Usery v. Turner Elkhorn Mining Company

RESPONDENT:Turner Elkhorn Mining Company
LOCATION:Bonanza Liquor Store

DOCKET NO.: 74-1302
DECIDED BY: Burger Court (1975-1981)

CITATION: 428 US 1 (1976)
ARGUED: Dec 02, 1975
DECIDED: Jul 01, 1976

Lawrence G. Wallace – argued the cause for appellants in No. 74-1302 and for appellees in No. 74-1316
R. R. McMahan

Facts of the case


Media for Usery v. Turner Elkhorn Mining Company

Audio Transcription for Oral Argument – December 02, 1975 in Usery v. Turner Elkhorn Mining Company

Audio Transcription for Opinion Announcement – July 01, 1976 in Usery v. Turner Elkhorn Mining Company

Warren E. Burger:

The judgment and opinion of the Court in number 74-1302 and the related case 74-1316, Usery, the Secretary of Labor against Turner Elkhorn Mining Company will be announced by Mr. Justice Marshall.

Thurgood Marshall:

These cases are here on appeal from the United States District Court for the Eastern District of Kentucky.

Both appeals stand from a suit brought by 22 coal mine operators to test the constitutionality of certain aspects of the Federal Coal Mine Health and Safety Act of 1969, as amended by the Black Lung Benefit Act of 1972.

Under these Acts, the coal mine operators are required to compensate certain miners, and their survivors for death or disability caused by a disease commonly known as black lung disease.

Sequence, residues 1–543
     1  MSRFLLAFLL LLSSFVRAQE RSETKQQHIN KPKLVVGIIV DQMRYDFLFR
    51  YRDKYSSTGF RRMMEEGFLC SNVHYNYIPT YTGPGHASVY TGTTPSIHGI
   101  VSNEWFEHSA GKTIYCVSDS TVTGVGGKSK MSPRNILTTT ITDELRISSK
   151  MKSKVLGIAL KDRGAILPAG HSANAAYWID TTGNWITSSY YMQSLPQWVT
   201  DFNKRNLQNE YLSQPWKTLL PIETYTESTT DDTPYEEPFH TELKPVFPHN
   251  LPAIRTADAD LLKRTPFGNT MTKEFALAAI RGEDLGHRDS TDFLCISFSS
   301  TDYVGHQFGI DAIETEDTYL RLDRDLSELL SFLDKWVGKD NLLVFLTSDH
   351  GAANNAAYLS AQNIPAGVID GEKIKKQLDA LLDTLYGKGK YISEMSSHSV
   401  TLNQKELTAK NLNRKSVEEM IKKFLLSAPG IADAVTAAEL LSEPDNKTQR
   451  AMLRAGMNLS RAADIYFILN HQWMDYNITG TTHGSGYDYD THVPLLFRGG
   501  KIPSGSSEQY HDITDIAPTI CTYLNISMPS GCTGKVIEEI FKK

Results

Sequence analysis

This disease is caused by the long-term inhalation of coal dust.

It affects a high percentage of American coal miners with severe and frequently crippling respiratory impairment.

Because state programs were considered inadequate to compensate miners inflicted with black lung disease, Congress provided for a federal program of compensation.

The compensation program is far too complicated to meet permitted detail, all descriptions of its provisions, or the operator’s many challenges to its provisions.

Basically, the operator has challenged the provisions requiring them to provide black lung benefits in two respects.

First, they claim that the program violate the Due Process Clause insofar, as it requires them to compensate former employees who terminated their work in the coal mine before the program was enacted.

The District Court rejected this claim and for reasons set forth in the opinion filed with the clerk, we agree that the Due Process Clause poses no bar to the aspects of the program.

The operators also challenged the constitutionality under the Due Process clause of analogous provisions governing the determination of which miners and survivors are entitled to receive benefits under the program.

The District Court found that two of these provisions unconstitutionally impaired the operator’s ability to train them against claims of black lung benefits.

For the reasons stated in our opinion, this aspect of this Court’s judgment is affirmed in part, reversed in part, and vacated in part.

Mr. Justice Powell has filed a concurring opinion.

Mr. Justice Stewart has filed an opinion concurring in part and dissenting in part, in which Mr. Justice Rehnquist has joined.

The Chief Justice concurs in the judgment.

Mr. Justice Stevens took no part in the consideration or decision of this case.

Warren E. Burger:

Thank you, Mr. Justice Marshall.